Euro, LatAm Countries Hurt by Asia
Euro, LatAm Countries Hurt by Asia
Feb. 13, 1998
NEW YORK (AP) _ From banks to brewers and telecommunications giants to petrochemical concerns, companies around the globe are suffering because of the Asian financial crisis.
Just like their U.S. competitors, European, Latin American, Canadian and Australian companies heavily involved in Asian countries are seeing earnings pinched.
Big name multinationals like Royal Dutch-Shell, Germany's Deutsche Bank, Dutch beer maker Heineken and Canada's Seagram are already reporting lower earnings or predicting them for the months ahead. Smaller companies, ranging from Chilean copper producers to Danish clothing makers and Mexican glass manufacturers, also are being hurt.
``It's a global phenomenon,'' said economist David Hale at Zurich-Kemper Investments in Chicago.
Now, companies elsewhere are releasing similar results.
On Thursday, Royal Dutch-Shell, the Anglo-Dutch oil and natural gas giant, said its October-December earnings tumbled 32 percent, partly due to lower oil prices and the Asian turmoil. Prices for crude oil have plunged in recent weeks because of overproduction by the Organization of Petroleum Exporting Countries and lower demand from Asian countries.
``Any multinationals who ... have seen a large part of their growth in revenues in recent years coming from sales to Asia will be hit because of the drop-offs in demand,'' said economist Devi Aurora at Standard & Poor's DRI in Lexington, Mass.
As the economies of Thailand, Malaysia, South Korea and Indonesia _ hardest hit by the crisis _ are slowing, governments, businesses and consumers have less money to spend on everything from pricey construction projects to inexpensive household goods.
At the same time, Asian companies, because their local currencies have fallen sharply against the dollar, the British pound and other major currencies, will be able to sell their products more cheaply abroad, giving them a competitive edge. European and other non-Asian exporters will likely find it harder to peddle their goods.
Analysts are expecting a wide range of global companies to feel the squeeze, from banks and financial services companies to exporters of chemicals, autos, steel, ships, computers and agricultural products. Airlines and tourism companies, too, are seeing a drop-off in business in the region.
European banks are particularly vulnerable.
Standard & Poor's, the credit rating agency, recently estimated European banks had rung up as much as $130 billion in loans to banks, government agencies and businesses in Thailand, South Korea, Malaysia and Indonesia. Of that, the banks stand to lose up to $20 billion in bad loans, it calculated in its Credit Week magazine.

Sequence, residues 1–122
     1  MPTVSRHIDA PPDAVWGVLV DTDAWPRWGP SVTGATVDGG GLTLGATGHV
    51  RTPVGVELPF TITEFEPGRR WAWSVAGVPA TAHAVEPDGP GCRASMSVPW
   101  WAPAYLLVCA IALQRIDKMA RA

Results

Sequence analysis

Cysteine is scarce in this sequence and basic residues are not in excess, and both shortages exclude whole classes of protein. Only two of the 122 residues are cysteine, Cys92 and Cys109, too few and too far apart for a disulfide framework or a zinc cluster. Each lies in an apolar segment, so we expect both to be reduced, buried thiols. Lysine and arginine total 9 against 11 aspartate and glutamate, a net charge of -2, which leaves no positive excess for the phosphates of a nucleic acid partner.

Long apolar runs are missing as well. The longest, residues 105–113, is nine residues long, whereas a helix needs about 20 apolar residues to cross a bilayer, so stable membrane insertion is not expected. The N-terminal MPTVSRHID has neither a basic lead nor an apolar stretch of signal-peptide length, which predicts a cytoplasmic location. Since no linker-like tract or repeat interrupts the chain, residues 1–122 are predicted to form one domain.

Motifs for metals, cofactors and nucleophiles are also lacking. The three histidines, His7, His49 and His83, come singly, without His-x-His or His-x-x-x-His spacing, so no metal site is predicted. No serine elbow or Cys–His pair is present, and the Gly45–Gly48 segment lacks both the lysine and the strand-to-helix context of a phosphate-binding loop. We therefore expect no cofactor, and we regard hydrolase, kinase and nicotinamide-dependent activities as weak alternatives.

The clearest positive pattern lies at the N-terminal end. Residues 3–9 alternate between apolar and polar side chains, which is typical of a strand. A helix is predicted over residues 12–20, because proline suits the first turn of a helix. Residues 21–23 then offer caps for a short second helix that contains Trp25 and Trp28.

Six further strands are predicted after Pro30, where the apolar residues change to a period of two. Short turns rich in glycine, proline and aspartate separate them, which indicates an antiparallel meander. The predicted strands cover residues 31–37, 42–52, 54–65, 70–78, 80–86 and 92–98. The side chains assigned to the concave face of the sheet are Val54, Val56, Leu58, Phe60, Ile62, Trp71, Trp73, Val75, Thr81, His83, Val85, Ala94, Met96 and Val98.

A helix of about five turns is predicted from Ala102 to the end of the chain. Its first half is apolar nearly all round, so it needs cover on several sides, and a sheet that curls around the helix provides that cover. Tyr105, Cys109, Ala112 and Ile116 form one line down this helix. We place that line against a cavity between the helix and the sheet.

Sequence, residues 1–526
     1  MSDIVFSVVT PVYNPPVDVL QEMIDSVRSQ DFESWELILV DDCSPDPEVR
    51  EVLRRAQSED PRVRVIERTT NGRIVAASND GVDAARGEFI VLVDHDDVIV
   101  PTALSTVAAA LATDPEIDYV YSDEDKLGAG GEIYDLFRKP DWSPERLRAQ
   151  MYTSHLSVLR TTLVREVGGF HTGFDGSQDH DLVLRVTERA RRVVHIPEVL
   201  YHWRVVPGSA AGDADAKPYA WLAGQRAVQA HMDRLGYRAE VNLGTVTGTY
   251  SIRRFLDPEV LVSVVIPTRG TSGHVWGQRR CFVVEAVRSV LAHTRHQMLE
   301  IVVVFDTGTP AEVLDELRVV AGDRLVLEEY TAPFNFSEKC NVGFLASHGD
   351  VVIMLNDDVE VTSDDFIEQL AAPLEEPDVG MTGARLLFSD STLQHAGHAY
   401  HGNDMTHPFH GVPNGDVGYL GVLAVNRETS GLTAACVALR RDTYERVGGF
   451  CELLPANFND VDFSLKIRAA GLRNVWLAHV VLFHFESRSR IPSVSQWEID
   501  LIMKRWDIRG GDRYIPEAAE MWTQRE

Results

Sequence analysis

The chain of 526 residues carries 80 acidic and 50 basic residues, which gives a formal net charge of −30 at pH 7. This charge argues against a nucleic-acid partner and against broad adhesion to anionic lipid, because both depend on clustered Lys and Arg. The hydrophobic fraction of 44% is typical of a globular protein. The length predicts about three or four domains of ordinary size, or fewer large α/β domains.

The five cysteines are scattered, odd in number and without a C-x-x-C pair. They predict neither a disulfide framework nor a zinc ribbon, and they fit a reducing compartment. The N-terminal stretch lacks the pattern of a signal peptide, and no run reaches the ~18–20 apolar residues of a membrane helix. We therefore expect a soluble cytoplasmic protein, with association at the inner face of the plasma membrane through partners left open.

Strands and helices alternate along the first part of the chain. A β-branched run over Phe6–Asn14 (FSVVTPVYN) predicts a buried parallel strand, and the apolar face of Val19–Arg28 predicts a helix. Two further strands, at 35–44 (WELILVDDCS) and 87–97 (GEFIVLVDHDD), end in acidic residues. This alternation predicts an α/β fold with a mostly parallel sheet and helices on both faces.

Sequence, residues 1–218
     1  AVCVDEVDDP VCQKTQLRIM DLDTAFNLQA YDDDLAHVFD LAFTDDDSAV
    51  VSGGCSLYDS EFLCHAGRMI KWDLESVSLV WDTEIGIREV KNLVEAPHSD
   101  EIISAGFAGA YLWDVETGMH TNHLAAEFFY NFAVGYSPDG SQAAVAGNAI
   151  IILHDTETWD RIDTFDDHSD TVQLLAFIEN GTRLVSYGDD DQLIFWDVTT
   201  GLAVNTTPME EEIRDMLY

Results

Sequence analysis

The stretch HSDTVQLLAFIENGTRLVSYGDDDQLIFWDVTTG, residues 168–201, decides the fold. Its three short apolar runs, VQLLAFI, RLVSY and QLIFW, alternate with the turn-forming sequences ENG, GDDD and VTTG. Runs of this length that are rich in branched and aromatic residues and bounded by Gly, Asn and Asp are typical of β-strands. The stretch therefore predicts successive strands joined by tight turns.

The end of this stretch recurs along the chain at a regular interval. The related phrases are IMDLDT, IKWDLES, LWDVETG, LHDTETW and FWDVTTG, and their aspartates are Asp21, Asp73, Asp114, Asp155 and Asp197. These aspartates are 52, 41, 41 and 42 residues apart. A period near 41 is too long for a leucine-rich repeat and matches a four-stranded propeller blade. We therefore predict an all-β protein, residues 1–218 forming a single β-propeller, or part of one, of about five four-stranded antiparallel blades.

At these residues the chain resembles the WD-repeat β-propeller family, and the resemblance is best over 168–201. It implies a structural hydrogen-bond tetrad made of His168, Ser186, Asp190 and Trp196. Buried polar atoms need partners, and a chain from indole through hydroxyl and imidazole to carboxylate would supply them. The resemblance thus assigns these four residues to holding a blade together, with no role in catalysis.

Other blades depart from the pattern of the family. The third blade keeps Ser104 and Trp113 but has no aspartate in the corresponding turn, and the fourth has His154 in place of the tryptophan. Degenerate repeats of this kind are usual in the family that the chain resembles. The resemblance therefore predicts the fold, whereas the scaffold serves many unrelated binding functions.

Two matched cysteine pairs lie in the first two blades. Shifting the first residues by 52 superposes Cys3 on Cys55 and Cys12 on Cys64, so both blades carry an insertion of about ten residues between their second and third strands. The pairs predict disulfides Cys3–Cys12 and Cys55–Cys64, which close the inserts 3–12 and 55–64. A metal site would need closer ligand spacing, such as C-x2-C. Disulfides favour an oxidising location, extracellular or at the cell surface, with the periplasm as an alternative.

About 20 European banks have 85 percent to 95 percent of the total loans outstanding in the four countries. It singled out the French banks Credit Lyonnais, Societe Generale and Banque Nationale de Paris as having the ``most at stake in the region.''
German banks also are seen as a vulnerable group, and some British, Dutch and Swiss banks are on the rating agency's list.
Deutsche Bank, Germany's biggest bank, already has given advance notice. It said late last month that operating profit likely dropped by one-third in 1997, mainly due to the financial crisis and set aside an additional $780 million to cover problem loans.
Deutsche Telekom, the German telecommunications company, also reported lower-than-expected profits in 1997, partly because of risk provisions for its Southeast Asian operations. German camera-maker Leica Camera AG said Asian sales of its photo equipment plunged 47 percent in the fourth quarter.
Dutch brewer Heineken NV expects weaker sales, particularly in Indonesia.
Smaller companies, too, are complaining.
Denmark's InWear, maker of trendy clothing, said it was pulling out of Thailand and Indonesia because of poor sales.
``We cannot tell if the crisis will take two, three or five years. Therefore, we don't want to invest out there,'' said InWear managing director Niels Martinsen.
In Canada, Seagram, the conglomerate, said revenues from alcohol sales in Asia plunged 50 percent in last year's fourth quarter because of lower foreign exchange rates and difficult market conditions.
MacMillan Bloedel and other forestry firms in British Columbia are facing economic problems, partly because the crisis has slashed demand for lumber. Mining giant Cominco is being hurt by lower prices for metals and other commodities.
Analysts predict shrinking exports for Latin American commodity companies, including Chilean copper producers and Mexican and Venezuelan oil concerns.
Mexican glass maker Vitro reported flat earnings, partly due to a 15 percent drop in exports as a result of the Asian woes. CINTRA, the holding company for Mexicana and Aeromexico airlines, also said its earnings were reduced in the last quarter.
Brazilian companies are feeling the crunch but for a different reason.
The government late last year introduced austerity measures to protect its economy from the ripple effects of the Asian turmoil. Auto sales plummeted after taxes soared on popular small cars.